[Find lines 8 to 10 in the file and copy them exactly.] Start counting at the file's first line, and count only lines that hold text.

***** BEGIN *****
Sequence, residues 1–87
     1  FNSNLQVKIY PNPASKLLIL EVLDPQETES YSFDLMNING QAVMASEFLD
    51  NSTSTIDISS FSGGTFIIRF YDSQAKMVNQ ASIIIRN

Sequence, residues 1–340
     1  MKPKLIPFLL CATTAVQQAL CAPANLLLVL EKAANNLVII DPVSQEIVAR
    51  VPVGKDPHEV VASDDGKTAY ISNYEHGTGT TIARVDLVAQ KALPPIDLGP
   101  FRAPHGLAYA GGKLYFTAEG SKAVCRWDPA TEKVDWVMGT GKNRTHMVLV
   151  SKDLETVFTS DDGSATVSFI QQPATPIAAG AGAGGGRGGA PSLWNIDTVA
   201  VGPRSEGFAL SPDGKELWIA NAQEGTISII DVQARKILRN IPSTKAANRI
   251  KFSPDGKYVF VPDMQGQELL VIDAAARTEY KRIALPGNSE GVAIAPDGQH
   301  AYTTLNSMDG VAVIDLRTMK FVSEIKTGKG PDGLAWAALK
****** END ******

   151  SKDLETVFTS DDGSATVSFI QQPATPIAAG AGAGGGRGGA PSLWNIDTVA
   201  VGPRSEGFAL SPDGKELWIA NAQEGTISII DVQARKILRN IPSTKAANRI
   251  KFSPDGKYVF VPDMQGQELL VIDAAARTEY KRIALPGNSE GVAIAPDGQH